Chachmot saroteha ta'anena,
Af hi tashiv amereha lah.

When will my precious child return to me?
When will my precious child return to me?

Wise women, will you comfort me?
Tell me a story that will set me free
From all my worries, terror, and grief
Please say something to give me some relief.

Chachmot saroteha ta'anena,
Af hi tashiv amereha lah.

When will my precious child return to me?
When will my precious child return to me?

How the silence bears down on me,
Women waiting for eternity.
When will his footsteps sound in my ears?
Please say something to take away my fears.

Chachmot saroteha ta'anena,
Af hi tashiv amereha lah.

When will my precious child return to me?
When will my precious child return to me?
When will my precious child return to me?


Rabbi Shefa Gold, who is one of the most creative of Jewish spiritual leaders of our generation — creator of the "chanting service" as a new mode for davvening, with few words and deep meditative focus — is also an accomplished writer of spiritual song.

The recording of the Song of Sisera's Mother that we have here seems to be from a unique recording. It is copyrighted (c) 2000 by Rabbi Gold, and posted here with her permission.

In her accompanying comment (also recorded when she sang), Reb Shefa mentions that Sisera's Mother and her attendant wise women bespeak a deep women's culture of those who wait and wait and wait for warriors who never return. The story of Sisera and his mother are embedded in the Song of Deborah — a charismatic leader — woman — who judged on behalf of the poor and led the Godwrestling folk when it was attacked by the Great Powers of Canaan. And Deborah celebrates another woman, Ya'el, who strikes Sisera down.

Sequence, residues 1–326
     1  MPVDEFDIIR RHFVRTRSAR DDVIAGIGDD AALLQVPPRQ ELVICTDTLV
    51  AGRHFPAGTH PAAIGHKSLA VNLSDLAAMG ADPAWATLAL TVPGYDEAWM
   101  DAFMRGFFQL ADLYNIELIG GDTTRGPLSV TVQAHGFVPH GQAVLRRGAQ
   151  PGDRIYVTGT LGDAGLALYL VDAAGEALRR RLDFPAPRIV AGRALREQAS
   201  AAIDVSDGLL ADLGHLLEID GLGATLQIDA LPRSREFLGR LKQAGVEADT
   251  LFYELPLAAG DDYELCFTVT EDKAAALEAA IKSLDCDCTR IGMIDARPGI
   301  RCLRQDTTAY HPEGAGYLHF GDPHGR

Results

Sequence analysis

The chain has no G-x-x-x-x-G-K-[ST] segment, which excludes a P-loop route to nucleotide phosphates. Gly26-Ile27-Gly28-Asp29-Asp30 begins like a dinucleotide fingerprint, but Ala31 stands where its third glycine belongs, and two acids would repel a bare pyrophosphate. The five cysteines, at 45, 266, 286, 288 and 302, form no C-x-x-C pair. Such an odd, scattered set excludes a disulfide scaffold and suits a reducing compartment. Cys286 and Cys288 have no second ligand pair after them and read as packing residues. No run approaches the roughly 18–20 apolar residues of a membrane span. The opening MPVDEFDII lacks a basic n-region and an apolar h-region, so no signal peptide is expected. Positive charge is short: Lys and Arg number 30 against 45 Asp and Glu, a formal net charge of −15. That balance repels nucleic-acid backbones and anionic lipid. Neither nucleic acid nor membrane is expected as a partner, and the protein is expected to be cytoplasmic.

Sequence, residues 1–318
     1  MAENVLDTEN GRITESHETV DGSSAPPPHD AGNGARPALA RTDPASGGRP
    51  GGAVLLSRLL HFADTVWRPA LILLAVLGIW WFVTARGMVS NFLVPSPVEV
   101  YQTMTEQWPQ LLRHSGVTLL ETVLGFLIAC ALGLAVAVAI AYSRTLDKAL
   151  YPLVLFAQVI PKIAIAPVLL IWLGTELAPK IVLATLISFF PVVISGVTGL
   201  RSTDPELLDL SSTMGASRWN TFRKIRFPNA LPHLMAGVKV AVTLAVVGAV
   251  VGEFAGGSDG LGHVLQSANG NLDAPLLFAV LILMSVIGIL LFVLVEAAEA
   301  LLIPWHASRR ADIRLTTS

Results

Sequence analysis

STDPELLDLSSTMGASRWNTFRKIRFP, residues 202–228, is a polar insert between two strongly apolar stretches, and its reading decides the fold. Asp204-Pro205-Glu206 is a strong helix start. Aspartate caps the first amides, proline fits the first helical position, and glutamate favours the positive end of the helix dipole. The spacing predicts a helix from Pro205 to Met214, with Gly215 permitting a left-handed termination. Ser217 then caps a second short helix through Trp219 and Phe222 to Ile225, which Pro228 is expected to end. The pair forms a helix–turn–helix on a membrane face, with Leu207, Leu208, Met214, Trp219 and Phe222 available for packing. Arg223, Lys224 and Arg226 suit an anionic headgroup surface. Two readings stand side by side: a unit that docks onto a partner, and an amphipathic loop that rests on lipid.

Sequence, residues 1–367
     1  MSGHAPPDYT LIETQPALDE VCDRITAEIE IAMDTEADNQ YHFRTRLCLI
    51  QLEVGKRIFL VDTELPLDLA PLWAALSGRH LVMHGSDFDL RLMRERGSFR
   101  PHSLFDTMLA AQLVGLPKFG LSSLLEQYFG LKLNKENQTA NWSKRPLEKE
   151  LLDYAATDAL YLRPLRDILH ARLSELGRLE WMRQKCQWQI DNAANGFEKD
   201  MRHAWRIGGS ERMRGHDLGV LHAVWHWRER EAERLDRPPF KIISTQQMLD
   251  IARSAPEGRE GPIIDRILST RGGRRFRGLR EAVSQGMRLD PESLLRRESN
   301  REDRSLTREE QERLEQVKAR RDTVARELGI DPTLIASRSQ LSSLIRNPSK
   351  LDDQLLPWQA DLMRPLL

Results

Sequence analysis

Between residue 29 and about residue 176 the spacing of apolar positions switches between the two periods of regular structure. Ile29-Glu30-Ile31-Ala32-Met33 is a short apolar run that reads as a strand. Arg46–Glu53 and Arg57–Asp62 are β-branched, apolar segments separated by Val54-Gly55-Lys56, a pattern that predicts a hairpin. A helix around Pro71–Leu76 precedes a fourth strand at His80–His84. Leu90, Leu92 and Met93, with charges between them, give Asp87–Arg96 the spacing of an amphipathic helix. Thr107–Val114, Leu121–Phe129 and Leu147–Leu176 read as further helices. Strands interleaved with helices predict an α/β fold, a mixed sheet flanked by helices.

As for Sisera's Mother, she may be waiting in agonies of fear but the way she expresses her anxiety is with the vision of her son having won a brutal, bloody victory, delayed returning home because he is dragging behind him booty that includes "racham rachamatayim," — translated usually as "a damsel, even two damsels." But "rechem" means "womb," and the tone of contempt she uses might lead to a much rougher translation in colloquial English.

"Racham" also echoes "rachamim," "womb-like compassion," and as we hear this the ironies of Sisera's Mother's weeping may grow even stronger.

In this tale of women's culture, as in the reality of women's lives, there are many different kinds and tones of women.

That out of this tale of Israel's enemies the ancient rabbis drew the weeping of the Shofar is astounding, as Rabbi Ed Feld points out.

His thought, like Rabbi Gold's, leads us toward a much more compassionate attitude toward even the roughest of our enemies, especially perhaps when against all expectations we have come to greater power.

In hearing the sobs of Sisera's Mother in the Shofar, we may experience our own selves in all our contradictions: Waves of fear, contempt, grief, anger all sweep through us, and we invoke the Compassion of the Universe for our misdeeds. If we can release ourselves from fear and hatred of our enemy, then it is more likely that God, the Universe, the "enemy," will release Itself from enmity toward us.

Shalom,

Arthur

Rabbi Arthur Waskow, Director
The Shalom Center
www.theshalomcenter.org